Proceedings of the 5th International Conference on Applied Research in Education
Exploring Benefits and Challenges of the Use of Games Involving Movement During Foreign Language Lessons. Insights from A Multimodal Case Stud
Dr. George Cremona
Frequently Foreign Language (FL) teachers still suggest that good classroom management skills are manifested only if students in class sit silently and motionless (Smith and King, 2018). This leads to classrooms where most of the time students are expected to sit immobile on their seats (Havery and Kenyon, 2013) and sometimes even end up being unfairly scolded if they dare to move during the lesson (Bauernfeind, 2016). While nowadays, games are more frequently accepted within FL learning contexts (Hwang, 2018), one still encounters situations where even during such games, teachers expect their students to be as static as possible. Emerging research (such as by Cole et al., 2021) on the other hand indicates that spaces and activities that encourage movement within the classroom stimulate student attention and lead to more effective and motivating learning contexts. In this light, this paper intends to contribute to the field of FL learning and teaching by asking one pertinent research question: What are the benefits and challenges of games involving movement within the FL secondary classroom? This question will be answered through insights obtained from qualitative data collected from two German as a Foreign Language classrooms in Malta. This data includes the outcomes obtained from classroom observations and teacher and student interviews. Data was later analysed using a social semiotic multimodal framework (Cremona, 2017) as well as thematic analysis (Creswell, 2014). Therefore, as its main results the paper will present the challenges and benefits experienced by teachers and students while using these games involving movement. Later, based on these results, the paper as its main conclusion will present a set of games involving movement (i.e. 10 in all) through which those working within FL learning contexts are encouraged to gradually initiate the creation of similar active non-static Foreign Language learning contexts.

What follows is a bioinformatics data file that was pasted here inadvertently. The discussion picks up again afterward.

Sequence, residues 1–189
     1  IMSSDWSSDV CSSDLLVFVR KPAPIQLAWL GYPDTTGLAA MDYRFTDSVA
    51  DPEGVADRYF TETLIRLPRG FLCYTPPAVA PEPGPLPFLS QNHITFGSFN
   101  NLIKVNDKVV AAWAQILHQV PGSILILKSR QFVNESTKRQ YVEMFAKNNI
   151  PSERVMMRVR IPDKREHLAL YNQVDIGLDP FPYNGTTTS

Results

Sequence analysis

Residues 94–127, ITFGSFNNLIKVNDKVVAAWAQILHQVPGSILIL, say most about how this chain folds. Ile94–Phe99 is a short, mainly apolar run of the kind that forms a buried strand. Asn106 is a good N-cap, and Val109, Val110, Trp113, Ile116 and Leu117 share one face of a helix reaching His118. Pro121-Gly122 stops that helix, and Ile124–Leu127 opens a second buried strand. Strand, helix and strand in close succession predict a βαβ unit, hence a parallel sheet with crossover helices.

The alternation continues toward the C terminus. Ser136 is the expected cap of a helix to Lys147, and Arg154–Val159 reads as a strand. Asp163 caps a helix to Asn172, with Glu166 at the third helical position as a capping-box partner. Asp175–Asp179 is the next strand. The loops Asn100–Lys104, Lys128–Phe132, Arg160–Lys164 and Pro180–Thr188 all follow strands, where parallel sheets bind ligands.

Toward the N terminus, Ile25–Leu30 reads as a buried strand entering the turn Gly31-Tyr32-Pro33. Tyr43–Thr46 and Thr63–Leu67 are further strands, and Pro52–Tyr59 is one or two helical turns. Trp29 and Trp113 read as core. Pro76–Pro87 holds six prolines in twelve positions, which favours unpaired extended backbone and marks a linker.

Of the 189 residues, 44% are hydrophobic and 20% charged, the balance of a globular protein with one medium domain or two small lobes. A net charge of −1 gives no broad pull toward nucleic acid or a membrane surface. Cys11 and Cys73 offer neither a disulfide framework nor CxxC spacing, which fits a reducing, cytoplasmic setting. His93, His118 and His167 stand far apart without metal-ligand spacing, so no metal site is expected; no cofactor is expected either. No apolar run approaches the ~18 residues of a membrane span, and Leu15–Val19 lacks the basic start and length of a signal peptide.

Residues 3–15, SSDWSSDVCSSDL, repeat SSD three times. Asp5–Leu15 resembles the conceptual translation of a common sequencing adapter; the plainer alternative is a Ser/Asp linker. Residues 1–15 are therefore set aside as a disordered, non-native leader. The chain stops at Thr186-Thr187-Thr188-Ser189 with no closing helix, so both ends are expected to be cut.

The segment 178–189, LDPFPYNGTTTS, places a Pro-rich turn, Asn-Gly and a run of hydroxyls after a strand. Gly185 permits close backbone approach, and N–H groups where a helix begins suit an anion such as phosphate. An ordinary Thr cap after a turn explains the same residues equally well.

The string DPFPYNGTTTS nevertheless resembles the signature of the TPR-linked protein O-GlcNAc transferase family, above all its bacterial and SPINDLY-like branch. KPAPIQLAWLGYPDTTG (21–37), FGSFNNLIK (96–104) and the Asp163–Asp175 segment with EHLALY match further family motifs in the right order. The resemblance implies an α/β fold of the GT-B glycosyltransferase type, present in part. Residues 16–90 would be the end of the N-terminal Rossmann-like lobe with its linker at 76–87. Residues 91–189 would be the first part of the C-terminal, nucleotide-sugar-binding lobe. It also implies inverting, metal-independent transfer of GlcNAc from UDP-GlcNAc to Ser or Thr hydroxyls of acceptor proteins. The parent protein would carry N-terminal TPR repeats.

keywords: foreign language teaching and learning, games, movement, multimodality, secondary education